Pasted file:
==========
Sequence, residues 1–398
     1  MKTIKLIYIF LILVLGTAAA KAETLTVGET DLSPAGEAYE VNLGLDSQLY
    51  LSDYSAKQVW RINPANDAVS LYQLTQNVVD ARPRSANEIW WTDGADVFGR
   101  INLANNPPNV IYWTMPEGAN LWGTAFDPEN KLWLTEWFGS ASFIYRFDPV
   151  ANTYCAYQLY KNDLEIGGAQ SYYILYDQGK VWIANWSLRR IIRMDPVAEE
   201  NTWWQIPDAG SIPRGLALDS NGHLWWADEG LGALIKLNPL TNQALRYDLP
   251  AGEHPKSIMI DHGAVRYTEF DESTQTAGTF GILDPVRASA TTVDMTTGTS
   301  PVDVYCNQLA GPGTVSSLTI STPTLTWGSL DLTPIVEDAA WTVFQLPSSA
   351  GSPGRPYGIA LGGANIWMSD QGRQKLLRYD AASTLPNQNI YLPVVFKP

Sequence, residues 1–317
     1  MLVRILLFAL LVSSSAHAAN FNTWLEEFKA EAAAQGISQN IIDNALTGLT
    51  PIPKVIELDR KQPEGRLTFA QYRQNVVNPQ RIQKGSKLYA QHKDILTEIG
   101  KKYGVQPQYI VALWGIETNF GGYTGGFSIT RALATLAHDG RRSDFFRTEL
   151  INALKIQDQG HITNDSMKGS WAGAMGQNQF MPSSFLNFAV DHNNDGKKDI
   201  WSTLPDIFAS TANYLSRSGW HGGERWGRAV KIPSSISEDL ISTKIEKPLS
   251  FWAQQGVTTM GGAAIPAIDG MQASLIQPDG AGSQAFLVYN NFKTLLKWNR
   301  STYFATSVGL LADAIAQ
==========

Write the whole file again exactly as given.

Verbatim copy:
Sequence, residues 1–398
     1  MKTIKLIYIF LILVLGTAAA KAETLTVGET DLSPAGEAYE VNLGLDSQLY
    51  LSDYSAKQVW RINPANDAVS LYQLTQNVVD ARPRSANEIW WTDGADVFGR
   101  INLANNPPNV IYWTMPEGAN LWGTAFDPEN KLWLTEWFGS ASFIYRFDPV
   151  ANTYCAYQLY KNDLEIGGAQ SYYILYDQGK VWIANWSLRR IIRMDPVAEE
   201  NTWWQIPDAG SIPRGLALDS NGHLWWADEG LGALIKLNPL TNQALRYDLP
   251  AGEHPKSIMI DHGAVRYTEF DESTQTAGTF GILDPVRASA TTVDMTTGTS
   301  PVDVYCNQLA GPGTVSSLTI STPTLTWGSL DLTPIVEDAA WTVFQLPSSA
   351  GSPGRPYGIA LGGANIWMSD QGRQKLLRYD AASTLPNQNI YLPVVFKP

Sequence, residues 1–317
     1  MLVRILLFAL LVSSSAHAAN FNTWLEEFKA EAAAQGISQN IIDNALTGLT
    51  PIPKVIELDR KQPEGRLTFA QYRQNVVNPQ RIQKGSKLYA QHKDILTEIG
   101  KKYGVQPQYI VALWGIETNF GGYTGGFSIT RALATLAHDG RRSDFFRTEL
   151  INALKIQDQG HITNDSMKGS WAGAMGQNQF MPSSFLNFAV DHNNDGKKDI
   201  WSTLPDIFAS TANYLSRSGW HGGERWGRAV KIPSSISEDL ISTKIEKPLS
   251  FWAQQGVTTM GGAAIPAIDG MQASLIQPDG AGSQAFLVYN NFKTLLKWNR
   301  STYFATSVGL LADAIAQ